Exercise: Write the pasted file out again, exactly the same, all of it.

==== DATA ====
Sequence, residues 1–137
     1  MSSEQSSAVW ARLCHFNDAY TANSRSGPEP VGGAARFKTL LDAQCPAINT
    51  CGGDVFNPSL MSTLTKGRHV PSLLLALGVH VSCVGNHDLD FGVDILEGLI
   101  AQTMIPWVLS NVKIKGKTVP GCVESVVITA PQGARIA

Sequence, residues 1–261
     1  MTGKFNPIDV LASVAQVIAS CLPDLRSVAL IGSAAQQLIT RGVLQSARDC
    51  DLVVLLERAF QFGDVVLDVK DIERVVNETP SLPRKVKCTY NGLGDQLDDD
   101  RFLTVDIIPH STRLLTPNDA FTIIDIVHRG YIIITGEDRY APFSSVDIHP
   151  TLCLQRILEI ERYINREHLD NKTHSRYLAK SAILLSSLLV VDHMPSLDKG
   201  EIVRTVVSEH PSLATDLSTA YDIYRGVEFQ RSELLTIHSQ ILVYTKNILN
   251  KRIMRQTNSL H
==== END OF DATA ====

Sequence, residues 1–137
     1  MSSEQSSAVW ARLCHFNDAY TANSRSGPEP VGGAARFKTL LDAQCPAINT
    51  CGGDVFNPSL MSTLTKGRHV PSLLLALGVH VSCVGNHDLD FGVDILEGLI
   101  AQTMIPWVLS NVKIKGKTVP GCVESVVITA PQGARIA

Sequence, residues 1–261
     1  MTGKFNPIDV LASVAQVIAS CLPDLRSVAL IGSAAQQLIT RGVLQSARDC
    51  DLVVLLERAF QFGDVVLDVK DIERVVNETP SLPRKVKCTY NGLGDQLDDD
   101  RFLTVDIIPH STRLLTPNDA FTIIDIVHRG YIIITGEDRY APFSSVDIHP
   151  TLCLQRILEI ERYINREHLD NKTHSRYLAK SAILLSSLLV VDHMPSLDKG
   201  EIVRTVVSEH PSLATDLSTA YDIYRGVEFQ RSELLTIHSQ ILVYTKNILN
   251  KRIMRQTNSL H